Whey Concentrate vs. Isolate vs. Casein: What’s The Difference?


Protein powders are among the most popular fitness supplements today.

Thanks to their affordability and versatility, countless people today swear by protein powders as a means of elevating their health and fitness.

But there is a problem:

With the number of available options, it can be challenging to choose. Whey alone comes in different forms, and this doesn’t even account for casein and the many non-dairy options.

To make it easier for you, we’ve put together this post. In it, we’ll take a brief look at some of the most common protein powders and what makes them unique. Let’s go.


Whey Concentrate vs. Isolate vs. Casein: What’s The Difference?


Whey is a type of protein found in dairy. Specifically, this is the liquid part that separates during cheese production. Back in the day, people would throw it out or feed it to livestock because they didn’t know of its commercial value. Today, whey is one of the most widely consumed proteins on the market.

The two most popular forms of whey are concentrate and isolate. Once collected, whey protein undergoes processes to boost its protein content. The protein is then dried and consists of around 80 percent protein (1). A 100 grams of whey concentrate offer around 80 grams of protein.

Whey isolate goes through similar processes, but the goal is to further reduce carb and fat content and result in 90 percent protein or more (1). So, 100 grams of whey isolate typically offers 90 or more grams of protein.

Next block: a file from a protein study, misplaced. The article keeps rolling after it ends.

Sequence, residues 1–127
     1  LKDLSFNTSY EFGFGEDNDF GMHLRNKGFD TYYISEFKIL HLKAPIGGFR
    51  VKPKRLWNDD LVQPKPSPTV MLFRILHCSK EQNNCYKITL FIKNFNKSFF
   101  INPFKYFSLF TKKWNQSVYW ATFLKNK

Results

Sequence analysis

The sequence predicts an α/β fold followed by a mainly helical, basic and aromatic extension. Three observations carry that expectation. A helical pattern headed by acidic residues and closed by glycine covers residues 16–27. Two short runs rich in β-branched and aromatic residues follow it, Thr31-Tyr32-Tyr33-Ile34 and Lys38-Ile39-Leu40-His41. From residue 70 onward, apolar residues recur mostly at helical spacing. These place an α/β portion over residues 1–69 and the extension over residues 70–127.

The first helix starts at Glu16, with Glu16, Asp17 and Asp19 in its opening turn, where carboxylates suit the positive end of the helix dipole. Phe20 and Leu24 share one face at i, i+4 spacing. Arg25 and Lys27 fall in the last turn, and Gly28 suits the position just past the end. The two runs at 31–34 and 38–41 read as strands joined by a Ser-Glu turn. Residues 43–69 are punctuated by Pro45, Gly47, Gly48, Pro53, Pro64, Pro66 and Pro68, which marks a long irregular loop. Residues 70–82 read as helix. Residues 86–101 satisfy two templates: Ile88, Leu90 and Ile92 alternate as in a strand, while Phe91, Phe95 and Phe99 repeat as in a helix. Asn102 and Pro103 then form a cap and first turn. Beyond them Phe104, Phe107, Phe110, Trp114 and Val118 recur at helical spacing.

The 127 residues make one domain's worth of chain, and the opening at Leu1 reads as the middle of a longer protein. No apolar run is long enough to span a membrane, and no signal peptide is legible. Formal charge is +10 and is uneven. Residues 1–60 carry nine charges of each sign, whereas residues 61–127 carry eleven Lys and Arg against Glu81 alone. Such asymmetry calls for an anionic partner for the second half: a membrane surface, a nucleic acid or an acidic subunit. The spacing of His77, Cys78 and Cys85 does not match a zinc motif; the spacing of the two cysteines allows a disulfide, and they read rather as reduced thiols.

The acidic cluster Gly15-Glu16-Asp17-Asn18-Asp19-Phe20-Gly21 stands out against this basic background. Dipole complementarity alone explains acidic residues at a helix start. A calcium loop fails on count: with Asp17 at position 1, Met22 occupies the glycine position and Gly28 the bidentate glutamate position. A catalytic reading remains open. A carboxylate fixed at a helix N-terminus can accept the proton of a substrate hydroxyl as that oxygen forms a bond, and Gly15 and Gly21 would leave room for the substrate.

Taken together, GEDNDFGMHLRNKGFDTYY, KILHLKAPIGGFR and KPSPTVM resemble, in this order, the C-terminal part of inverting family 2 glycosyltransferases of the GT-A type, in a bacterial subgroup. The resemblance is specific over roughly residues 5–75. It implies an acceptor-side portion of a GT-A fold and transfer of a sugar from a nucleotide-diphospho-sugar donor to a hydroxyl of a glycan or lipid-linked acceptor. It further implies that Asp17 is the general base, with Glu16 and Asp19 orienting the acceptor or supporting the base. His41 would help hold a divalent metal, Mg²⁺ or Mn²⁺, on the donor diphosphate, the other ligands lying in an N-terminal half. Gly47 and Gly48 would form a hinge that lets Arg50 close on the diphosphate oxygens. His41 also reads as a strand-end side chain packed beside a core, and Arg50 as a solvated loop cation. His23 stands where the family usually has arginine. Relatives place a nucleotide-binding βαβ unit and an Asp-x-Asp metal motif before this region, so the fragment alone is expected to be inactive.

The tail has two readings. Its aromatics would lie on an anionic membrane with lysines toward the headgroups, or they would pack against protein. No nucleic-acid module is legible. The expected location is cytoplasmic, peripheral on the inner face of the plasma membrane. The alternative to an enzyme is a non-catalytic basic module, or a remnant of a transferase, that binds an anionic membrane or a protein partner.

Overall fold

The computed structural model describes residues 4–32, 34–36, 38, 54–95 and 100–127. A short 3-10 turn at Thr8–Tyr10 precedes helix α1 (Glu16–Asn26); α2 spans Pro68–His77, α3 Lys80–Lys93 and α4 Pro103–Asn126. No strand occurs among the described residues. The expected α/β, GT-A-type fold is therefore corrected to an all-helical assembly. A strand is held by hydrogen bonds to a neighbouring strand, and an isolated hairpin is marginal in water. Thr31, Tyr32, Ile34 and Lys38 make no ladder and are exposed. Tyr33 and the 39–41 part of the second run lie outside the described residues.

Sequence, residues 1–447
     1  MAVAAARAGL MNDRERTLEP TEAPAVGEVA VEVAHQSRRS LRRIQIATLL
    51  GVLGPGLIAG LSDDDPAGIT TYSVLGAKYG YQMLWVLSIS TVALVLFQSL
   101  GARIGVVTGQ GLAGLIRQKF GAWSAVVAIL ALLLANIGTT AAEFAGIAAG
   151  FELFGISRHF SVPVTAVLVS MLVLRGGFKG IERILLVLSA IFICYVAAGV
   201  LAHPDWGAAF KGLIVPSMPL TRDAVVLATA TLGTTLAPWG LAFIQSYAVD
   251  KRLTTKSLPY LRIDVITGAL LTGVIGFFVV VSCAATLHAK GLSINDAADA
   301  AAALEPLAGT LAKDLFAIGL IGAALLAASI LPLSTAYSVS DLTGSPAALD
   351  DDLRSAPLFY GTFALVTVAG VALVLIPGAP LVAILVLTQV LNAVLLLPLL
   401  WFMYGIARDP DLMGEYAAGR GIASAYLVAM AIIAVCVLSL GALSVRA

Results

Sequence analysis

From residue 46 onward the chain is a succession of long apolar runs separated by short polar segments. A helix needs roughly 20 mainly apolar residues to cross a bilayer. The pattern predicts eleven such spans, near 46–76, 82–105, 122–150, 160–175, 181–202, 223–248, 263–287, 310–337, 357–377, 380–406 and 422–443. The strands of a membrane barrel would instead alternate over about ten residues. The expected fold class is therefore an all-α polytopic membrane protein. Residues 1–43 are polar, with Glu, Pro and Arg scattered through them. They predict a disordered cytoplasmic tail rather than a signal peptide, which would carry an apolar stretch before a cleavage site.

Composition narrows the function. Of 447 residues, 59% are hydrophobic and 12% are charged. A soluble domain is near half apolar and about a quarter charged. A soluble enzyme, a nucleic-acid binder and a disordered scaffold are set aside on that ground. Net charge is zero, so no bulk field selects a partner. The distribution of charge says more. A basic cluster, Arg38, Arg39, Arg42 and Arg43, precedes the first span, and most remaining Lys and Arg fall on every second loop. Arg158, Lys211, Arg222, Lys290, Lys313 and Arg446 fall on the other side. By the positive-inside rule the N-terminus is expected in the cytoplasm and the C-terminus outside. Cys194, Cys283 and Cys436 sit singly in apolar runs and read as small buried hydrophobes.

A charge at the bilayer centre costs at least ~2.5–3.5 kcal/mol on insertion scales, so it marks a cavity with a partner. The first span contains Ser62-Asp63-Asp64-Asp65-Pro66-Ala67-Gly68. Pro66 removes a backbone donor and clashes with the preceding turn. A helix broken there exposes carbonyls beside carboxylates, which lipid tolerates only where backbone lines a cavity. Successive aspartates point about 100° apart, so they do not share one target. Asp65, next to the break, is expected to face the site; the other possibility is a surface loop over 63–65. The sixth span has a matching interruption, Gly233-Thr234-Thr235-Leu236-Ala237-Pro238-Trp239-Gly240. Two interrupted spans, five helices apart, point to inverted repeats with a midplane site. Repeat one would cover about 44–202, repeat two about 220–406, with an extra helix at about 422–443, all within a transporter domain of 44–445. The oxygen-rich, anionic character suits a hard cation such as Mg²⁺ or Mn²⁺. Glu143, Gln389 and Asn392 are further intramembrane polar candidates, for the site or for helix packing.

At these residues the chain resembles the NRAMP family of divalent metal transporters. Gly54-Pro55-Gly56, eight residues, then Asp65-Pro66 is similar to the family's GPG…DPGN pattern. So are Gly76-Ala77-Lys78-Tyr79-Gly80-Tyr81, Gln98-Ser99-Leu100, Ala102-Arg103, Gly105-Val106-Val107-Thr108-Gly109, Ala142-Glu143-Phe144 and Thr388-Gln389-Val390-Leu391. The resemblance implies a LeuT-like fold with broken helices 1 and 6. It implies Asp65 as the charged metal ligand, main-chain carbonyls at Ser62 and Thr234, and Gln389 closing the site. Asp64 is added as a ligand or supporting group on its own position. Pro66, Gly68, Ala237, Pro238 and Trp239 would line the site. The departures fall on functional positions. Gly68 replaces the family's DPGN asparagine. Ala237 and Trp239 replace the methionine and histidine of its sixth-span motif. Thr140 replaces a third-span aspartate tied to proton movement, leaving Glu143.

Now, it’s worth noting that both types of protein have similar amino acid profiles because they are derived from the same source - whey.

Casein is also a protein found in dairy. The primary difference is that casein tends to digest more slowly, allowing for a steadier release of amino acids into the bloodstream (2). When casein enters the stomach, it forms into a gel, which prevents stomach acid from breaking it up quickly. 

In contrast, whey typically digests more rapidly, releases many amino acids, and levels go back to normal more quickly (2).

There is also a hydrolysate form of casein that is said to digests more quickly, but research doesn’t find this to be the case (3).

All three types of protein deliver similar outcomes. Whey and casein are complete proteins and behave similarly in the body. The primary difference between them is the rate of digestion. Since casein digests more slowly, it helps maintain higher levels of amino acids in the blood for longer, which can prevent muscle protein breakdown, and aid with recovery and growth.

Still, research is developing, and it seems that the total daily protein dose is the most important factor (4).


But What About Bio-Availability And Digestibility?


Bio-availability is a measure of how well the body can absorb and use the nutrients of a given food or supplement (5). Digestibility measures how much nutrition a food offers in a given amount. According to researchers (6): 

“..protein digestibility is an important factor to estimate the protein availability for intestinal absorption after digestion reflecting on the efficiency of protein utilization on diet.” 

For instance, cooked egg protein has a bio-availability score of roughly 90 percent (7). Whey and casein also score highly on the scale, and it seems that whey isolate has the highest rating of all.

The question is, would they make a significant difference in the grand scheme of things? We don’t know so far. It might, and it might not. The best thing you can do for the moment is making sure to get enough protein each day (around 0.8 grams per pound of body weight) from mixed sources (8).